Gut microorganisms can affect the gut in three ways which include the following:

Vagus nerve: Some gut microbes “talk” with the brain through the vagus nerve, which connects the intestines with the brain, sort of like a superhighway. Some gut bacteria can play a role in deactivating or activating the neurons that send signals through the vagus nerve to the brain.
Enteric nervous system: Certain metabolites (breakdown of products) affect the brain cells that control gut function.
Bloodstream: Gut bacteria produce and release specific metabolites that enter the blood circulation and interact with our immune system. Gut bacteria can change which neurotransmitters are in the bloodstream.

Probiotics for mental health?

Probiotics have been popular for “gut health” for years, and some researchers are curious whether certain probiotics can affect your mood regulation, hence coining the term “psychobiotics.” The theory is that people with depression, anxiety, or other mental health issues would routinely have their gut microbiomes sequenced to determine which types of microbial genes they are carrying. Then, individuals with high levels of bacteria tied to poor mental health, or low levels of bacteria that healthy people have in abundance, could receive a tailored probiotic to fix the imbalance. Of course, this is a proposed idea. The next step would be clinical trials to show whether microbes or microbial cocktails can boost mental well-being beyond the placebo effects commonly found in many psychiatric treatment studies.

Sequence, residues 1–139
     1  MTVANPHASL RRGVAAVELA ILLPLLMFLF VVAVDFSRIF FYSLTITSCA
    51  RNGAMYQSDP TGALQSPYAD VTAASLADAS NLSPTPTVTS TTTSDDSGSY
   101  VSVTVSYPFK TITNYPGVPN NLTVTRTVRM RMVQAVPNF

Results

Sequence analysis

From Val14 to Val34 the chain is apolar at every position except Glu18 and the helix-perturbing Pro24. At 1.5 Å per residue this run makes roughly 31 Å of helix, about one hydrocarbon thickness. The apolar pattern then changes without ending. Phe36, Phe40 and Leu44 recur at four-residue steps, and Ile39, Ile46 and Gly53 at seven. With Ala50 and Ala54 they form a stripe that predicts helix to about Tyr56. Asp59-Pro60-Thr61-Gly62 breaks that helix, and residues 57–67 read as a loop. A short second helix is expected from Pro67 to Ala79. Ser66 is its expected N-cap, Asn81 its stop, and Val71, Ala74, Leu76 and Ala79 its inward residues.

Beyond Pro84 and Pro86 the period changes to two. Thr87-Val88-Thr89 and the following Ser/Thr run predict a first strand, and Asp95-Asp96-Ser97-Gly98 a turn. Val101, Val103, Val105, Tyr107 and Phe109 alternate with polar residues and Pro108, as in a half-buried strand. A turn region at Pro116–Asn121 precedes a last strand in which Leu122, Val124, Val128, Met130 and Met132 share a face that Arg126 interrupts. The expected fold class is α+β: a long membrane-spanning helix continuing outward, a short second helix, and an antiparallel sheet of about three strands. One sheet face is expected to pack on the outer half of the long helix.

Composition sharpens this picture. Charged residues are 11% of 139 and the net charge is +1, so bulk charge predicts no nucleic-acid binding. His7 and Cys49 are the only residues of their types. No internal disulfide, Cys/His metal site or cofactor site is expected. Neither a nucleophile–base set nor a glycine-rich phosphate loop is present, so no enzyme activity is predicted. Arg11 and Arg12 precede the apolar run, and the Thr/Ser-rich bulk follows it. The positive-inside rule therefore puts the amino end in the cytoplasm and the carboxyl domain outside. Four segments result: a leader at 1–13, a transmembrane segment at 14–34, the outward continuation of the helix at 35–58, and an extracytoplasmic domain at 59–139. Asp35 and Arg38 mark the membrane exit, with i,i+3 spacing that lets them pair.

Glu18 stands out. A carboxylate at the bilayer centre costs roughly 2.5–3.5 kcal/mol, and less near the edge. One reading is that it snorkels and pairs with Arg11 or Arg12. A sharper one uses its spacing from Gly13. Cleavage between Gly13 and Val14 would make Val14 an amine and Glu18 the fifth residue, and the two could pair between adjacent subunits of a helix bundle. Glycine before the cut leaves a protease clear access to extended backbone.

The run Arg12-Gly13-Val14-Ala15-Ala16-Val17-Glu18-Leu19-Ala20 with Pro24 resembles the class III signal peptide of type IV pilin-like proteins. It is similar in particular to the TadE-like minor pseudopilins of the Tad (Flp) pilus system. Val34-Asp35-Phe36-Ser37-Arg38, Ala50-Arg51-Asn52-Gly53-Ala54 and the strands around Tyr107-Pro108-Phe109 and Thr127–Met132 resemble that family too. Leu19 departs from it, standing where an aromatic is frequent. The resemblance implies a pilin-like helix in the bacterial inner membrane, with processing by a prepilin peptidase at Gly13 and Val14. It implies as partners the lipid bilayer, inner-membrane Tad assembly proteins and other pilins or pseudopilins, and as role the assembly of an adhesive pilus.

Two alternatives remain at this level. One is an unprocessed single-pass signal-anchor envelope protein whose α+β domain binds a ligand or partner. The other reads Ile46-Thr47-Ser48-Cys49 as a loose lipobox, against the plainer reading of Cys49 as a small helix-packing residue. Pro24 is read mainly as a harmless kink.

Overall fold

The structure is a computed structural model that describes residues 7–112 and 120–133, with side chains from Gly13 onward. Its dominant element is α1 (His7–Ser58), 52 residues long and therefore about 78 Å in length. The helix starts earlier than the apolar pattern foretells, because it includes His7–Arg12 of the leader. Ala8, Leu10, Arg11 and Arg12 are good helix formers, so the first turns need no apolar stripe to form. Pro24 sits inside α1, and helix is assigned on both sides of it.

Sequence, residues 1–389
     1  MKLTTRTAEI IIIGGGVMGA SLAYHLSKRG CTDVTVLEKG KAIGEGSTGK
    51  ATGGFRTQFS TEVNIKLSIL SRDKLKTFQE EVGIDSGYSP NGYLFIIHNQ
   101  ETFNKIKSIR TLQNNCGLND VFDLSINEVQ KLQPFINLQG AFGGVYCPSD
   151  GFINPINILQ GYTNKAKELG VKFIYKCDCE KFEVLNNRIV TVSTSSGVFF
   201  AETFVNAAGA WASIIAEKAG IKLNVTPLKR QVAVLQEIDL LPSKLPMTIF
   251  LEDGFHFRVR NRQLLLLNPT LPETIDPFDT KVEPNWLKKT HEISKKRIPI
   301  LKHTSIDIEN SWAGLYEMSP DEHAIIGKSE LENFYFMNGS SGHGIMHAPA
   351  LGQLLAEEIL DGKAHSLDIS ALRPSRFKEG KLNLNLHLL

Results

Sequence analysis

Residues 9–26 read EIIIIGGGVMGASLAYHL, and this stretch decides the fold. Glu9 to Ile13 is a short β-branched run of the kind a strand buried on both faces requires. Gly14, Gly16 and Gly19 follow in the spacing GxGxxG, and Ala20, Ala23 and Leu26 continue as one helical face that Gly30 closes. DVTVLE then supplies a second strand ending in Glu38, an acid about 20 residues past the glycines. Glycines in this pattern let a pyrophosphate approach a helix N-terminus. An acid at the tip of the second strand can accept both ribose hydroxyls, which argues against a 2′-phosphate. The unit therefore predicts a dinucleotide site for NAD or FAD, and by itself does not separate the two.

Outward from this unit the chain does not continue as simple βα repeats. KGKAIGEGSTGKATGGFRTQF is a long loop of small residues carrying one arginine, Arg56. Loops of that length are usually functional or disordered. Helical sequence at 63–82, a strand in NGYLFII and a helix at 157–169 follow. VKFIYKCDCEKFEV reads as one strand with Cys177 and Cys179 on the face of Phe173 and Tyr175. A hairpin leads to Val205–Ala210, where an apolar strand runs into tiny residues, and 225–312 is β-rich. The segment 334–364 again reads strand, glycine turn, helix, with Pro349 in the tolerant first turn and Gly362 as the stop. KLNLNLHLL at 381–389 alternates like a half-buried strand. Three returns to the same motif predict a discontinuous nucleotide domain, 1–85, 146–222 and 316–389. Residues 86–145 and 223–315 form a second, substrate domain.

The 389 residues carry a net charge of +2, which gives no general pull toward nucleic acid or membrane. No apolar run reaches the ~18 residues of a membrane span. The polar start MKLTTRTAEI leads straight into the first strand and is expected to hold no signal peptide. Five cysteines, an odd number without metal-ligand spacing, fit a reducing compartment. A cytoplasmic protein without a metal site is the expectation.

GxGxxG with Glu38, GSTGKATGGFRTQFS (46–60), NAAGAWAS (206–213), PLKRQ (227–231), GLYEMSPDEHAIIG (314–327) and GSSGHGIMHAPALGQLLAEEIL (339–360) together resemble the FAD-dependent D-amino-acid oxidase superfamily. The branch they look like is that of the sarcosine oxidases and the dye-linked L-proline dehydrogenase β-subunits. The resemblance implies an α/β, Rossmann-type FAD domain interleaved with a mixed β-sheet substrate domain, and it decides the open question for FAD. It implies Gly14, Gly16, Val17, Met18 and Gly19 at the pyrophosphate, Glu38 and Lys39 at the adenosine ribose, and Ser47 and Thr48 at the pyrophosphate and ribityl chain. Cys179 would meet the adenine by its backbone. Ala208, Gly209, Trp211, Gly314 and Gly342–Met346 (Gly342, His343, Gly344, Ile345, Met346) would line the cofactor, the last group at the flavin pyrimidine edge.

Major depressive disorder

Major depressive disorder is a type of mood disorder that is characterized by depression that affects everyday life for at least two weeks in duration. Individuals with depression often experience anxiety. Nearly one-half of those diagnosed with depression are also diagnosed with an anxiety disorder. Depression is marked with feelings of despair and sadness, and many individuals who struggle from depression cannot find a concrete reason why they are feeling this way. On the other hand, there are many underlying triggers associated with depression. These include substance use disorder, extreme stress, past traumas, and anxiety. Like other mental health disorders, signs and symptoms of depression can be minimized with medication, psychotherapy approaches, or both. However, if left untreated, depression can lead to suicidal thoughts or attempts and substance use disorders to cope with the empty feelings associated with depression.

Signs and symptoms of depression:

Depressed mood, such as feeling sad, empty, hopeless, or tearful
Marked loss of interest or feeling no pleasure in activities
Weight gain or loss
Insomnia or sleeping too much
Fatigue or loss of energy
Feelings of worthlessness
Poor concentration
Decreased ability to think or concentrate, or indecisiveness
Suicidal thoughts or attempts

Until researchers are able to prove the specifics about how gut bacteria can help or worsen depression through clinical trials (which most likely will take a few years); psychotherapy with or without medication is the best treatment approach we have. If you or a loved one is struggling with signs of depression, AKUA Mind and Body can help.